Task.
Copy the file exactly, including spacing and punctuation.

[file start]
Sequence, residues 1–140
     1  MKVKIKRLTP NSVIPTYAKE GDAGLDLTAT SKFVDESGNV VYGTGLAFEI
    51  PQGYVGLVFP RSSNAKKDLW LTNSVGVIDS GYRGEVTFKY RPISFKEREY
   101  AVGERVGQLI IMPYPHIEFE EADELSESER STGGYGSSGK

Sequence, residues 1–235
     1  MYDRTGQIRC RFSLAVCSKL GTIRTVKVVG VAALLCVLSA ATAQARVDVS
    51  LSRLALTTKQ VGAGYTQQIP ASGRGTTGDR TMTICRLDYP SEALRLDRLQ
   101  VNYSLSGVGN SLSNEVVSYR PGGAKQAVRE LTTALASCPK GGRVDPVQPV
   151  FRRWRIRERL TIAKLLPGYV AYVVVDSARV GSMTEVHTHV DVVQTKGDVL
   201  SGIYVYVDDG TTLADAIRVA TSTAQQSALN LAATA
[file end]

Sequence, residues 1–140
     1  MKVKIKRLTP NSVIPTYAKE GDAGLDLTAT SKFVDESGNV VYGTGLAFEI
    51  PQGYVGLVFP RSSNAKKDLW LTNSVGVIDS GYRGEVTFKY RPISFKEREY
   101  AVGERVGQLI IMPYPHIEFE EADELSESER STGGYGSSGK

Sequence, residues 1–235
     1  MYDRTGQIRC RFSLAVCSKL GTIRTVKVVG VAALLCVLSA ATAQARVDVS
    51  LSRLALTTKQ VGAGYTQQIP ASGRGTTGDR TMTICRLDYP SEALRLDRLQ
   101  VNYSLSGVGN SLSNEVVSYR PGGAKQAVRE LTTALASCPK GGRVDPVQPV
   151  FRRWRIRERL TIAKLLPGYV AYVVVDSARV GSMTEVHTHV DVVQTKGDVL
   201  SGIYVYVDDG TTLADAIRVA TSTAQQSALN LAATA